The first class was the Open Roundmaille with Crystals Bracelet. This was a fun and fairly simple weave, once you got past the first couple of rows of rings and mastered the pattern. It's made using a core of 4mm bicone Swarovski crystals (I chose a dark teal blue, since darker colors show up better), and sterling silver 18 gauge 5.5mm ID jump rings. I managed to finish the bracelet in just two hours. Here's a shot of my finished masterpiece:
Since I had two hours to spare before my afternoon class, I had a quick bite to eat (an overpriced quick bite to eat, but that's convention center food for you) and then I hit the Bead Bazaar (the most important part of the Expo). I was actually a little disappointed in the bazaar. It was no where near the size it had been a few years ago when I went, and it only took up half of the ballroom it was in. It took me less than half an hour to walk all the way around and pause at every booth. But Jane's Fiber and Beads had a huge booth, so I stopped in and picked up some seed beads. (Jane's provided me with some stellar customer service via email a couple of months back, and I'm now a loyal fan. They are my new Silamide supplier.)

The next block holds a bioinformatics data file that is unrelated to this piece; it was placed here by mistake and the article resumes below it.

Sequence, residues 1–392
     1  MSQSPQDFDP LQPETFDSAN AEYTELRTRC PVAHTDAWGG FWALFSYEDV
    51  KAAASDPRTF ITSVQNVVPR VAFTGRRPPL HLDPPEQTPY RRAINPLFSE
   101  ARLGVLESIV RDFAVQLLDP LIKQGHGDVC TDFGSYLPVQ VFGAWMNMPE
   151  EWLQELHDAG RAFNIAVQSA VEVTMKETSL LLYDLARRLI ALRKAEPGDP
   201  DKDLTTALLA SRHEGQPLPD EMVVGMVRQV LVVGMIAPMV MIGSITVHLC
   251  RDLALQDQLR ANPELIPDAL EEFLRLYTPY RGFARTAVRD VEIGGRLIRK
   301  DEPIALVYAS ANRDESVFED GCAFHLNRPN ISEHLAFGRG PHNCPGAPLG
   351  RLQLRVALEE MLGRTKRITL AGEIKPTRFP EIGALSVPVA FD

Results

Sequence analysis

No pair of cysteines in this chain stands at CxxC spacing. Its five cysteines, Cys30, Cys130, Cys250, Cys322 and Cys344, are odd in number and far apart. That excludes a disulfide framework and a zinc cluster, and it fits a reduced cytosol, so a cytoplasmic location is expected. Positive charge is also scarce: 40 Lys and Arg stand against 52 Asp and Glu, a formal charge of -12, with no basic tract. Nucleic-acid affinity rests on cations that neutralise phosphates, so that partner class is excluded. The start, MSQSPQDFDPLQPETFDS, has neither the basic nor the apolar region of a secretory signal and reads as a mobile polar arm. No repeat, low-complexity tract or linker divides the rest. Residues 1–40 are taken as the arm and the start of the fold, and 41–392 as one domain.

The afternoon class was the Turkish Roundmaille with a Twist bracelet. This actually used the same beginning weave as the Open Roundmaille, so having that one under my belt made it that much easier to learn this weave. It is made using 18 gauge 3.5mm ID sterling silver jump rings (both smooth and twisted). I only completed half of the bracelet in class, it was a more complicated and ring intensive piece. But so much fun. Since my tools were less than ergonomic, it took me a while to finish. Here's a close up shot:
The classes were both taught by Sue Ripsch. She has had pieces featured in Step by Step Wire Magazine. She sells kits for projects and I highly recommend them. The kits include great step-by-step instructions with plenty of pictures as well as enough rings to complete the project in a number of sizes. After the classes I just had to purchase another kit and I'm looking forward to a little European 4-in-1 fun over the next few month. Here's a shot of the work in progress:
So if you haven't tried chain maille yet, I highly recommend you look into taking a class. I am so happy that I did, and not just because I can cross one more resolution off the list for the year! ;D I'm hooked now. So hooked in fact that I splurged and bought some high quality tools so I can create more pieces with less pain. Ain't they perty?
Thanks for reading and happy beading!